News Archive

forsiðaThe PAME I 2016 meeting was held in Stockholm, Sweden, in the beginning of February. The meeting gathers the working groups delegates from the eight Arctic Council member states, permanent participants, observer states and invited experts. Around 70 people participated in the meeting and in expert groups meetings.

Click here to download the PAME I 2016 meeting report.

The meeting produces a report stating the Records of decisions (RoDs). They also indicate status of specific projects and next steps. The meeting report includes the RoDs, the list of participants, the meeting agenda and the list of documents at the meeting.

Click here to download the PAME I 2016 meeting report.

Four PAME expert groups met and worked on specific issues in Stockholm, the Shipping expert group, the Marine Protected Areas expert group, the Oil and Gas contact group and the joint Ecosystem Approach to management expert group. The expert group on Arctic Shipping Traffic Data was also represented, working on its project on collecting ship traffic data. The expert groups met on Sunday, the PAME meeting was held on Monday through Wednesday. Many delegates also particpated in the Arctic Council Task Force on Arctic Marine Cooperation, held on Thursday and Friday.

T
he picture below is from the PAME meeting in Stockholm, courtesy of Dana Eidsness:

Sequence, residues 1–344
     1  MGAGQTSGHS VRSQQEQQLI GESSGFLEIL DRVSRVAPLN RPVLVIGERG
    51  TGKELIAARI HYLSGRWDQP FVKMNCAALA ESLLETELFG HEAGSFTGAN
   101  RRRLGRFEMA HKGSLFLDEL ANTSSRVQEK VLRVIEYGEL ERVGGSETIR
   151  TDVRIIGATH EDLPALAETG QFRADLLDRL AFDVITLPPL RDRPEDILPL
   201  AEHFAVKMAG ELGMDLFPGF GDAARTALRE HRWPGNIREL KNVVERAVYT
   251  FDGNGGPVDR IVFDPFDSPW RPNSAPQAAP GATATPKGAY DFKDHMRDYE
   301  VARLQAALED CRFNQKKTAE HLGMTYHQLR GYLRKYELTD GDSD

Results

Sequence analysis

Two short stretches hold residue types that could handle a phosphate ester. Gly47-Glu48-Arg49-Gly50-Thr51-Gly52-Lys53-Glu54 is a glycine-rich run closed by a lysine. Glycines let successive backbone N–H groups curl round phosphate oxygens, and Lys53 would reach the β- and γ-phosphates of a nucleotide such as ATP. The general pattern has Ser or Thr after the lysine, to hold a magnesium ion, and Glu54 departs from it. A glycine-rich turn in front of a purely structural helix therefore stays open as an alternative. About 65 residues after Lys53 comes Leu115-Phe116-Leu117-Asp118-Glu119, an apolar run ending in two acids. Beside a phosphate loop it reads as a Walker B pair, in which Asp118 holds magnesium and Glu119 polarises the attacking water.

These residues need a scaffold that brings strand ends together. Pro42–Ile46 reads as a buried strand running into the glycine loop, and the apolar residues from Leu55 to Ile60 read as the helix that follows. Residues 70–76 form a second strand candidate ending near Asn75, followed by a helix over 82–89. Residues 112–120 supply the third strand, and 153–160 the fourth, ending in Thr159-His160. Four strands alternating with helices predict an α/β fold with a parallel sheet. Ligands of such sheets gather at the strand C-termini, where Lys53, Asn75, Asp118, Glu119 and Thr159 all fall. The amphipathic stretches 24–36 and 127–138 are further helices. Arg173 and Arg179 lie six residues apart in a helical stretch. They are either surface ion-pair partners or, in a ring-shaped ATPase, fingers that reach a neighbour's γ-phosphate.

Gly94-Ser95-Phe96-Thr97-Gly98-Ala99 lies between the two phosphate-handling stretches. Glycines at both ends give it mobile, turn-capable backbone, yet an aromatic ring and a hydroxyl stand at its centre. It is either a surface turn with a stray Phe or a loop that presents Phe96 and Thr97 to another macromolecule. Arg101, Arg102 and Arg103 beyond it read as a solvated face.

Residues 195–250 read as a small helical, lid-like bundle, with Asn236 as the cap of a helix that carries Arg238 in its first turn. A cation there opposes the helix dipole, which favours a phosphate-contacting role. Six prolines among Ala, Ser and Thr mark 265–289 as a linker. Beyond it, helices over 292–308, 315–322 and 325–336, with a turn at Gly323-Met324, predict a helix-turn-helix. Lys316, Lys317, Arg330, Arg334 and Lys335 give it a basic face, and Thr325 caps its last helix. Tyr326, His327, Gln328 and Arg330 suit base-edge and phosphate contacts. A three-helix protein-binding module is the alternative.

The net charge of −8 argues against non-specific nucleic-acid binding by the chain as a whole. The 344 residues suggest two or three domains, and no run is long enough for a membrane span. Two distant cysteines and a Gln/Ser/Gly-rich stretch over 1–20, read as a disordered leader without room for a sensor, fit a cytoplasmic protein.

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22228492948 9797a952b2 hRepresentatives from the eight Arctic States and the Permanent Participants (six organizations representing Arctic Indigenous peoples) met in Anchorage, Alaska on October 20-22, 2015 to advance the work of the Arctic Council.

This first plenary meeting of the Council during the U.S. Chairmanship (2015-2017) addressed:
The six Working Groups and three current Task Forces of the Arctic Council support much of this work through their research and assessments.

More wide-ranging discussions also covered:
  • The Council’s work on climate change and oceans;
  • The ways in which Traditional and Local Knowledge (TLK) is considered and used in the Council’s work;
  • Strengthening the Council’s work by defining how the Council relates to external bodies; and